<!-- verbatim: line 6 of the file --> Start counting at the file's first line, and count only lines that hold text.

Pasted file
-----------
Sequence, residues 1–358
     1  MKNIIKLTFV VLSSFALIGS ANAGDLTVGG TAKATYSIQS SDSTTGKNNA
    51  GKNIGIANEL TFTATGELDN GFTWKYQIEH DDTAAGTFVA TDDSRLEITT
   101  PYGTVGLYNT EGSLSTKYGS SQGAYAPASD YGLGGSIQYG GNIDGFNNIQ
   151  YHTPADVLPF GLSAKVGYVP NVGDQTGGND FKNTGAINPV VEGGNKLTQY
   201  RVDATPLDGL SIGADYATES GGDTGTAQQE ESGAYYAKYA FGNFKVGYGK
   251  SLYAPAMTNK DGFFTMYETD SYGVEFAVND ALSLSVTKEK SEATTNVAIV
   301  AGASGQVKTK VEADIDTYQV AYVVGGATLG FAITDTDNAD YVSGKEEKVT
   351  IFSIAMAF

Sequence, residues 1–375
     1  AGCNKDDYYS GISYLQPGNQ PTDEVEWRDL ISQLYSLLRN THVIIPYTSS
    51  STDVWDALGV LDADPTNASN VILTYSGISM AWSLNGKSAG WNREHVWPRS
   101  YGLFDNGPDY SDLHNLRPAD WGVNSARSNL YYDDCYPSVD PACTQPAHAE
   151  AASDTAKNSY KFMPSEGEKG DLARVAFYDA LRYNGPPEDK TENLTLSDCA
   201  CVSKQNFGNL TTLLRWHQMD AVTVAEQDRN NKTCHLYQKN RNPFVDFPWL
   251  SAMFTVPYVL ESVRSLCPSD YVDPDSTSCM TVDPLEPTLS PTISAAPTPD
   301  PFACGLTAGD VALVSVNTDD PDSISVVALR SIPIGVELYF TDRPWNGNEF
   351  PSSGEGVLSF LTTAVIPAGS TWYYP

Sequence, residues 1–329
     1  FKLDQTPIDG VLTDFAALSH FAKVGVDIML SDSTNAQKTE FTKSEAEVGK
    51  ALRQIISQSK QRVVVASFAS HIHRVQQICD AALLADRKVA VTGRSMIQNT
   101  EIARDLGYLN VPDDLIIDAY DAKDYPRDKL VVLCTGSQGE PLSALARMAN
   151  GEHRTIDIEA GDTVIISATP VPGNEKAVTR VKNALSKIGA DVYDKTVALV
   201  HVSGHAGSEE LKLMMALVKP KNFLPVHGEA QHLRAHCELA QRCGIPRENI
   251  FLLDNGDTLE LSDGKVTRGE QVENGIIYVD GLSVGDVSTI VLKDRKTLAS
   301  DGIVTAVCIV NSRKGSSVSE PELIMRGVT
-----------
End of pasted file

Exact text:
   201  RVDATPLDGL SIGADYATES GGDTGTAQQE ESGAYYAKYA FGNFKVGYGK